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Philosophy of the 14th century – Duns Scotus (1)

Duns Scotus
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(Duns Scotus)

The first symptom of this disintegration is found in the movement of ideas inaugurated by Duns Scotus, the subtle doctor. He had a very short career: born in Scotland around 1265, he studied the “arts” and theology at various universities, including Oxford and Paris. He commented on the Sentences in Cambridge before 1300, then in Oxford and Paris, where he became a doctor in 1306. He died in Cologne in 1308. The only authentic text of his commentary on the Sentences is the Ordinatio, the best report being that of Oxford. We owe him Questions on Porphyry and several logical works of Aristotle, as well as on Metaphysics, as well as the De primo principio and the Theoremata and Quodlibets. Grammatica speculativa and De rerum principio, which appear in the Wadding-Vivès edition, are authored by Thomas d’Erfurt and Vital du Four.

Duns Scotus does not fit into any of the currents that we have followed; to those who make him an Augustinian, (1) we must object to the very strong criticism he makes of the theories most dear to the school: that of intellectual knowledge as illumination, that of seminal reasons contained in matter and innate knowledge contained in the soul. But he is even less Thomistic: his most famous doctrines, the actual existence of matter, individuation through form (haecceity), the priority of the will, are in conscious and deliberate opposition to those of Saint Thomas.

One of the essential features which distinguishes and isolates it is the unhesitating affirmation of what one could call the historical character of the Christian vision of the universe: creation, incarnation, imputation of merits of Christ, these are, on the part of God, free acts in the fullest sense of the word, that is to say which could not have taken place and which depend on an initiative of God which has no reason other than his own will. The credo ut intelligam of Saint Anselm, the effort to scrutinize the motives of God are in direct opposition to this new spirit. And this is why he singularly lengthened the list of pure objects of faith, of credibilia, “which are all the more certain for Catholics because they do not rely on our blind and often vacillating understanding, but find a firm support in the most solid of truths”: omnipotence, incommensurability, infinity, life, will, all-presence, truth, justice, providence, that is to say almost all the divine attributes that Saint Thomas deduced from the notion of God as the cause of the world, are for Duns Scotus objects of faith. He undoubtedly admits, however, a rational proof of the existence of God, the proof a contingeritia mundi which forces us to pass, not from the changing being of which we have the experience, but from mutability as such to ‘necessary being which has in itself its reason for being’. This proof cannot start, as Saint Anselm wants, from the notion of “the greatest being that one can think of”; because this notion which is not a simple and innate idea was formed by us starting from finite beings, and it would first be necessary to show that it is not contradictory.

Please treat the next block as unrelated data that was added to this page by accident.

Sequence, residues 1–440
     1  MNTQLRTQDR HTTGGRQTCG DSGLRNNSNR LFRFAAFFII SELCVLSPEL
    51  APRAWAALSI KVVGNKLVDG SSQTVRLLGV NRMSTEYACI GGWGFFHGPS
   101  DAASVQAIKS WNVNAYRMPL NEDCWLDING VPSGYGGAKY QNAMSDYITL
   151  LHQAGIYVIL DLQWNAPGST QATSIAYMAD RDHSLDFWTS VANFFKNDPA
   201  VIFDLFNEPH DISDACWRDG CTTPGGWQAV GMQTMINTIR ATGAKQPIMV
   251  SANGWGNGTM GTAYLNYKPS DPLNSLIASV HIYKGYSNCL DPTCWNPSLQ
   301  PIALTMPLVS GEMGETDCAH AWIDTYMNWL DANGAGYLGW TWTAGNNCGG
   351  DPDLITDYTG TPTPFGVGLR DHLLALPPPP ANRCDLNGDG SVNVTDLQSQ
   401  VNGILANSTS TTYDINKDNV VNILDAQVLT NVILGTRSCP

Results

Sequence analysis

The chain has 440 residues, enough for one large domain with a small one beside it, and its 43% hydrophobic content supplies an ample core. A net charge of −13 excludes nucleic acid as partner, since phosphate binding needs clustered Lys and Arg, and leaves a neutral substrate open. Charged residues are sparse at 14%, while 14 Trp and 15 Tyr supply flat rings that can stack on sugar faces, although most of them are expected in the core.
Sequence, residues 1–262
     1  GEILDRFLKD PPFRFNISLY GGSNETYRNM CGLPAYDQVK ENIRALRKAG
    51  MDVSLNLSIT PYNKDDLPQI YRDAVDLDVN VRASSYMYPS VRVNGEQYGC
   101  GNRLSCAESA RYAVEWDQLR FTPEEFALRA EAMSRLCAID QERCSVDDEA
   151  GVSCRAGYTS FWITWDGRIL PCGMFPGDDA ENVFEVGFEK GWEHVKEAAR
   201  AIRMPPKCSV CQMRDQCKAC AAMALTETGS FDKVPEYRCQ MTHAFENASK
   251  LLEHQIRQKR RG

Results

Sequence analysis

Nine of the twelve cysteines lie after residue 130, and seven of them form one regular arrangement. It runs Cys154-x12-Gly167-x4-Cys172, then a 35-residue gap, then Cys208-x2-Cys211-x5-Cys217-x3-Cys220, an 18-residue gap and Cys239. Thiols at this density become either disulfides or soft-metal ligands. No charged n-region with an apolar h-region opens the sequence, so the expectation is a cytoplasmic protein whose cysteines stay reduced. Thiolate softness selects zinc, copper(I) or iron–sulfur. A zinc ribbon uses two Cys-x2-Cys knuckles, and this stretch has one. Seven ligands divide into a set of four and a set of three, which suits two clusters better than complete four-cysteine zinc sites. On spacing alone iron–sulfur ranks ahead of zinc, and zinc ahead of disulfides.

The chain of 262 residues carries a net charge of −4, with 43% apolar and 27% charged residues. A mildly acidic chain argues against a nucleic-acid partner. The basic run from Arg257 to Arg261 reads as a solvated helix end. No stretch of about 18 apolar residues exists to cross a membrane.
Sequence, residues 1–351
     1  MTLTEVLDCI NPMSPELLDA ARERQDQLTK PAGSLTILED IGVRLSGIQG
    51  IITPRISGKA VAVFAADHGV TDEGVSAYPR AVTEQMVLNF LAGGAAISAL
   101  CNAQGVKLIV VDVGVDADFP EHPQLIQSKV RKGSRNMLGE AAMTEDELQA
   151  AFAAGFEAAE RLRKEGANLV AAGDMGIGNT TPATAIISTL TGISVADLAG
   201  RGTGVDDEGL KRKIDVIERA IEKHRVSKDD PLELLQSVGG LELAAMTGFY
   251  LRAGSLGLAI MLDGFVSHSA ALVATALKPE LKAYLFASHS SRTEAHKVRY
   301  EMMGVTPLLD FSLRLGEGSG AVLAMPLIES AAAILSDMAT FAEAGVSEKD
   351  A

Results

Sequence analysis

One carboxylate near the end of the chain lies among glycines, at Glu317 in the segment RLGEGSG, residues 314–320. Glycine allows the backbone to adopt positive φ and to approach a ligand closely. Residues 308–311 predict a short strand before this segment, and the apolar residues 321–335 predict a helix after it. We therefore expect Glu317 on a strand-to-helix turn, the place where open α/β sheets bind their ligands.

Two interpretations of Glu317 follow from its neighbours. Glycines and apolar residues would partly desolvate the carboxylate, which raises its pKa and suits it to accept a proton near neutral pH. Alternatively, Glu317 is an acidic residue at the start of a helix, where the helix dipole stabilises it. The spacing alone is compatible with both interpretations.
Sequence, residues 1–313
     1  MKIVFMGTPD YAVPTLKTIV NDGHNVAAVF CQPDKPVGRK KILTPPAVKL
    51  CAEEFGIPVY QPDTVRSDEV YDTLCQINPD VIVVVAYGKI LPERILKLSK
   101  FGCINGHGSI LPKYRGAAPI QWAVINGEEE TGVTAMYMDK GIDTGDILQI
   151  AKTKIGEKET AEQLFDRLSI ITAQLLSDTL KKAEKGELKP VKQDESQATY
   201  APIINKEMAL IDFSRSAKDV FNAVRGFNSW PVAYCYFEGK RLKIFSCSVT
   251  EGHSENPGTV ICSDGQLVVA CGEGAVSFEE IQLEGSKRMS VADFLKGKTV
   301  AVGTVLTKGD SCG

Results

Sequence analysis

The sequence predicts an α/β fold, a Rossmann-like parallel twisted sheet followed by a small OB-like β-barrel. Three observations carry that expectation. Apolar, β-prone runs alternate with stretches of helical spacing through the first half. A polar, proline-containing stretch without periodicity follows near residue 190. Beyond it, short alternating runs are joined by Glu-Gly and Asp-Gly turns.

We could summarize these views by saying that any trace of the neo-Platonic spirit, that is to say, of affirmation of the continuity and hierarchy between the forms of reality, has almost disappeared in Duns Scotus. If Augustinism affirmed continuity in being and therefore continuity in knowledge, and Thomism continuity in being but discontinuity in knowledge, Scotism could have the formula: discontinuity in being and discontinuity in knowledge. Duns Scotus uses, in fact, all the concepts that we saw impose themselves in the twelfth century: possible intellect and agent intellect, matter and form, universal and individual, will and understanding; but while, among previous thinkers, these concepts were called, linked, hierarchized, organized, the aim of Duns Scotus seems to be to show independent terms, each of which separately has a full and complete and sufficient reality, which are undoubtedly added, but without being demanding.

Source: Émile Bréhier(1951). Histoire de la philosophie, Presses Universitaires de France. Translation and adaptation by © 2024 Nicolae Sfetcu

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